A voluntary sexual intercourse by a party to the marriage with any person other than his or her spouse must be after solemnization of marriage between them, which means, that during subsistence of a marriage. For example, if in-spite of the fact that the wife had delivered a fully matured child within six months of her marriage with her husband, as a result of her illicit relationship with someone else prior to her marriage, it would not fall within the ambit of adultery. In this case, the husband would have no case for dissolution of his marriage with his wife on the ground of adultery.
It is also to be remembered that there has to be actual sexual intercourse with someone else during an existing marriage for it to be constituted as adultery. For example, in case a wife had written some letters and had shown some gestures of love before marriage to another person, that cannot be made the basis of divorce after marriage on the ground of adultery.
The important thing to understand is that the act of sexual intercourse must be voluntary, but if it is involuntary, for example rape, then there can be no adultery. Adultery is a ground for divorce, rape is not. There is a fundamental difference between the two; adultery is with consent, while rape is without consent.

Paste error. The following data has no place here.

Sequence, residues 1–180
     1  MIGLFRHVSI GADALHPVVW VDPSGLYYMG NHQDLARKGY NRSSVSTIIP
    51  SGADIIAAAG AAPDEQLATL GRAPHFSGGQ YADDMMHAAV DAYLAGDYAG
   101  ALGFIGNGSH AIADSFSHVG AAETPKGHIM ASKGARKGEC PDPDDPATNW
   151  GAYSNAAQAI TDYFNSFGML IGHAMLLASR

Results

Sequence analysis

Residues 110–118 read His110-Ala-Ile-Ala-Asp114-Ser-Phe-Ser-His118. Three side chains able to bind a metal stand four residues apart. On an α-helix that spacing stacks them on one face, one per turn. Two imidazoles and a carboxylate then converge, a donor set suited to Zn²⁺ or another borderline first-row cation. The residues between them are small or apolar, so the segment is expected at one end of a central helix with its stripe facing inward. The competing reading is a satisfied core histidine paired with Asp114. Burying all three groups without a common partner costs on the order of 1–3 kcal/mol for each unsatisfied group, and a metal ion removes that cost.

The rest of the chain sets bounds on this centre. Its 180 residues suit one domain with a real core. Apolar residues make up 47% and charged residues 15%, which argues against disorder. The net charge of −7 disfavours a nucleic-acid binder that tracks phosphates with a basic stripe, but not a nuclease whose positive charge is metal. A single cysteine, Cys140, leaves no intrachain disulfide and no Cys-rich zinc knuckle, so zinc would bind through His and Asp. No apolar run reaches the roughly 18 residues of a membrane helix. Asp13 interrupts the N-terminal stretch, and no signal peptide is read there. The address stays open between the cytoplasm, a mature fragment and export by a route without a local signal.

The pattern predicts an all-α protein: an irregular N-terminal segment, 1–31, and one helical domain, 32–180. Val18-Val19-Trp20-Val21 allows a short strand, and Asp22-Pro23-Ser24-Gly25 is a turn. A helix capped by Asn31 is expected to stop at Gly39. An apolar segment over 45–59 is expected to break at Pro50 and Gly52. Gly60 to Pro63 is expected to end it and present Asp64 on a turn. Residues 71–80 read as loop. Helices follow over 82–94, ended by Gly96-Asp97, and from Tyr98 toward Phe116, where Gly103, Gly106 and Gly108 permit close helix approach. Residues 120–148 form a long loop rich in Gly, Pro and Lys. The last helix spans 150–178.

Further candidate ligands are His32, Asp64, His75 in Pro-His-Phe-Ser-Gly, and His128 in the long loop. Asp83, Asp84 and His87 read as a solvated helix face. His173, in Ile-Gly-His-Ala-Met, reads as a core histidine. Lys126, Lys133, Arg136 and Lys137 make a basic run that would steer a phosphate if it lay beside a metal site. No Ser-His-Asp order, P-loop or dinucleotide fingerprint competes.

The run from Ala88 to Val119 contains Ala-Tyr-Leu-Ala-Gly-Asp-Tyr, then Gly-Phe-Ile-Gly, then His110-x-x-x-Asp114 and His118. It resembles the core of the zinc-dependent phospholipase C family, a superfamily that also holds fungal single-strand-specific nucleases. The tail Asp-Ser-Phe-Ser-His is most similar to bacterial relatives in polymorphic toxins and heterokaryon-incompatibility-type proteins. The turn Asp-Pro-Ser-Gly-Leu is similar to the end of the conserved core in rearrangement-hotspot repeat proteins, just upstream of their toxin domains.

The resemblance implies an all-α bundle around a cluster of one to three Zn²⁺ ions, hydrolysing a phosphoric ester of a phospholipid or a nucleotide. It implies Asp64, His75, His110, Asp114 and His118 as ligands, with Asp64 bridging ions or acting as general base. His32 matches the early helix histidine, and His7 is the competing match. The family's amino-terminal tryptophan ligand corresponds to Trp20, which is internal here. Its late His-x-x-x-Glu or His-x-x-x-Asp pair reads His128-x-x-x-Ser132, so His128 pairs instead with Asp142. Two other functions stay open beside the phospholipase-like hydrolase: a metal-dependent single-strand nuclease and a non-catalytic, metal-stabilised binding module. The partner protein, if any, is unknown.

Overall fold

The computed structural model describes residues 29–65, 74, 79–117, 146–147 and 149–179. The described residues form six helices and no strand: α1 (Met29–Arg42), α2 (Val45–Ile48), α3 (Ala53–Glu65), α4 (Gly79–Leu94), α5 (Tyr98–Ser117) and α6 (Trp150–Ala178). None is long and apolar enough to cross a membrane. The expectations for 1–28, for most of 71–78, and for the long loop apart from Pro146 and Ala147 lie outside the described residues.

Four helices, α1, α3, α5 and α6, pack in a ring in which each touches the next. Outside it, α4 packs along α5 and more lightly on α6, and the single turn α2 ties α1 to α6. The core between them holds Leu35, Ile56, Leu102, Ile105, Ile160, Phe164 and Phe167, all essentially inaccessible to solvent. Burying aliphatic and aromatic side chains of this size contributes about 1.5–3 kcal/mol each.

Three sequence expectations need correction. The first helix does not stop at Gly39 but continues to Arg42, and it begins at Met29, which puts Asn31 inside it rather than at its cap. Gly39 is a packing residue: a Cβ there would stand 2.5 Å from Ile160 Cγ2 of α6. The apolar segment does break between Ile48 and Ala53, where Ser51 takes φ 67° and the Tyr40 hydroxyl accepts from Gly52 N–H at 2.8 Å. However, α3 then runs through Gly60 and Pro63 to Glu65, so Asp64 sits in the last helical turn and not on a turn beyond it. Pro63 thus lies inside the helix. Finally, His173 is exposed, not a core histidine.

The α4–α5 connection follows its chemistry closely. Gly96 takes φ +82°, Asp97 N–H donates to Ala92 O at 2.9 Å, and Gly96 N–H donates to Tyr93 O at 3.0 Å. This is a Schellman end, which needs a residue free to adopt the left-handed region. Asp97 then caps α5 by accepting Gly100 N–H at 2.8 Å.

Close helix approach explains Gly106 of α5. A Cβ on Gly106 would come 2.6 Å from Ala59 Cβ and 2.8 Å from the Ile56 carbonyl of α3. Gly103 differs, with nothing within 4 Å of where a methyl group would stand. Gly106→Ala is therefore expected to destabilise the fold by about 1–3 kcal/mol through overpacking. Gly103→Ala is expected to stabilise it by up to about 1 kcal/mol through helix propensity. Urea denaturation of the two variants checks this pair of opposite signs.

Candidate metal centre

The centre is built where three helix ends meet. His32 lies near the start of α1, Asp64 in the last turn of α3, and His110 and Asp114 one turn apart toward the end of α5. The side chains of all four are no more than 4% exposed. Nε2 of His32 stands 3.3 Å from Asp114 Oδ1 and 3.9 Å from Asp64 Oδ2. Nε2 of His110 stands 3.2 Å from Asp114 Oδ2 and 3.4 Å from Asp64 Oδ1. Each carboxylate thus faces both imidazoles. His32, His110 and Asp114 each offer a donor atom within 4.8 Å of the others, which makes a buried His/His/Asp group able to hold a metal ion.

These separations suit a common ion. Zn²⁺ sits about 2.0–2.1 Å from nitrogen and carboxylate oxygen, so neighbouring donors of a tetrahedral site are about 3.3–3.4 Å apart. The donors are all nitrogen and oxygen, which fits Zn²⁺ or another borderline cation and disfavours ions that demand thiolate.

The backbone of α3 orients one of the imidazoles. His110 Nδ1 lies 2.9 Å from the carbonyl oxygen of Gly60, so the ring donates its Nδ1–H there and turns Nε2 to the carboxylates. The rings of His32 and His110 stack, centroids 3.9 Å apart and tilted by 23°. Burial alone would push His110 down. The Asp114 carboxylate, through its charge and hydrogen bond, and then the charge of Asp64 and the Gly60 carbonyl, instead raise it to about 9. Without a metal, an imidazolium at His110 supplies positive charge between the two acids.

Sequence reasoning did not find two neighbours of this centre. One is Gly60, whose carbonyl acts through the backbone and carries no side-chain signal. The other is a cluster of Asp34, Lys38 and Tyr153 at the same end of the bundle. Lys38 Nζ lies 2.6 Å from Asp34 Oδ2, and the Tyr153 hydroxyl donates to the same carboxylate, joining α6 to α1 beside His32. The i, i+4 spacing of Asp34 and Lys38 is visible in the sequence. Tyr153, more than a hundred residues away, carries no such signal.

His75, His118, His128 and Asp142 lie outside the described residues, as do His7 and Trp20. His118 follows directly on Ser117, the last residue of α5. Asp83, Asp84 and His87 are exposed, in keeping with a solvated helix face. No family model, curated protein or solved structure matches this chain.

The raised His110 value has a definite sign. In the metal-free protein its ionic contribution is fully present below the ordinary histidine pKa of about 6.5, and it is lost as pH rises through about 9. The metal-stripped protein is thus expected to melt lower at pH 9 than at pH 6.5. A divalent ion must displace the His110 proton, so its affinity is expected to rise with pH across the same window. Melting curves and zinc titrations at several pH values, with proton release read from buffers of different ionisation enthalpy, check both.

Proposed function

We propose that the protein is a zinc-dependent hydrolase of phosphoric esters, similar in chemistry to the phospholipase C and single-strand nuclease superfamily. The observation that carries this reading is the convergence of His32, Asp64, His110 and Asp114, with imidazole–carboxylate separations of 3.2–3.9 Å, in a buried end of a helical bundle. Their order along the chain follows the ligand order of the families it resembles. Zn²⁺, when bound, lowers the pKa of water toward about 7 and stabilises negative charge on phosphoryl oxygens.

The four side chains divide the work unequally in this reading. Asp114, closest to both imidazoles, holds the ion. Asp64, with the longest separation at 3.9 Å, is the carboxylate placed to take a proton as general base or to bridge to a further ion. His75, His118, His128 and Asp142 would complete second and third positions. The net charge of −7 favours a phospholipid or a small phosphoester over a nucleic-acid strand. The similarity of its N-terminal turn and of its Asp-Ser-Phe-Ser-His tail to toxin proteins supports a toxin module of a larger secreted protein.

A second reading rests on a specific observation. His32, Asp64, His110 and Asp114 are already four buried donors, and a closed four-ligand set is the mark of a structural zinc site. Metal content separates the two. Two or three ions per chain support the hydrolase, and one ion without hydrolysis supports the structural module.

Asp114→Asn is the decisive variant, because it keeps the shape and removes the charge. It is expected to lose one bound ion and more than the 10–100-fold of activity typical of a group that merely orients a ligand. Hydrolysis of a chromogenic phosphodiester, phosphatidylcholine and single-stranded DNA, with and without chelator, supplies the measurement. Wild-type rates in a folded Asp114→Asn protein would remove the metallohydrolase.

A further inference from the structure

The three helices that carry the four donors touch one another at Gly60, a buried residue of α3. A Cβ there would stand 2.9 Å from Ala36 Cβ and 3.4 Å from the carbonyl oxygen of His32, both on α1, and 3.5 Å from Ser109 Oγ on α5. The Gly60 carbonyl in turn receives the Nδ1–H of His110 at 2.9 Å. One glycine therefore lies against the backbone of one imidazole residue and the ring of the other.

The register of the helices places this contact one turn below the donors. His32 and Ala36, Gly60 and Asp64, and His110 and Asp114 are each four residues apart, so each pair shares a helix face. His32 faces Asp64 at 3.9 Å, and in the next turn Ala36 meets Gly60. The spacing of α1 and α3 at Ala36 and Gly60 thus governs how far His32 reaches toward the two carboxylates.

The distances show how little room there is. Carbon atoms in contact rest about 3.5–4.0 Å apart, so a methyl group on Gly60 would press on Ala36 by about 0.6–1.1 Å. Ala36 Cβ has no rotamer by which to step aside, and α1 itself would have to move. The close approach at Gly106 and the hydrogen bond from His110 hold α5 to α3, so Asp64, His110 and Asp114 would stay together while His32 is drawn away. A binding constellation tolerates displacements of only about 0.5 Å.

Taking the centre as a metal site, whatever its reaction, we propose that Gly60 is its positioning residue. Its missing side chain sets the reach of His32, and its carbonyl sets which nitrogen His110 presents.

Now prior to an amendment in the Hindu Marriage Act in 1976, the expression “living in adultery” was used in Section 13(1)(i) which meant a continuous course of adulterous life as distinguished from one or two lapses from virtue. Till 1976 the law was that if a spouse was “living in adultery”, the other side could claim divorce, but now the law is that if a spouse after the solemnization of the marriage indulges in voluntary sexual intercourse with a person other than his or her spouse, he or she as the case may be would be entitled to get divorce, meaning that even one act of extra marital sex would be enough to grant divorce to the other spouse.